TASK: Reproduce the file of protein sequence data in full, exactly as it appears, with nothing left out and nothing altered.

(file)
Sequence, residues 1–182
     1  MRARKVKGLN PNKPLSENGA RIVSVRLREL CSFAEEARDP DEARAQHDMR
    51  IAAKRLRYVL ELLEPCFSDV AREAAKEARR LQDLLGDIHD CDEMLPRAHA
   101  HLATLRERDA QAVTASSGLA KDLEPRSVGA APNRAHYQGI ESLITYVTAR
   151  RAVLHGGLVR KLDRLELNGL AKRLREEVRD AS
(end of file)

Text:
Sequence, residues 1–182
     1  MRARKVKGLN PNKPLSENGA RIVSVRLREL CSFAEEARDP DEARAQHDMR
    51  IAAKRLRYVL ELLEPCFSDV AREAAKEARR LQDLLGDIHD CDEMLPRAHA
   101  HLATLRERDA QAVTASSGLA KDLEPRSVGA APNRAHYQGI ESLITYVTAR
   151  RAVLHGGLVR KLDRLELNGL AKRLREEVRD AS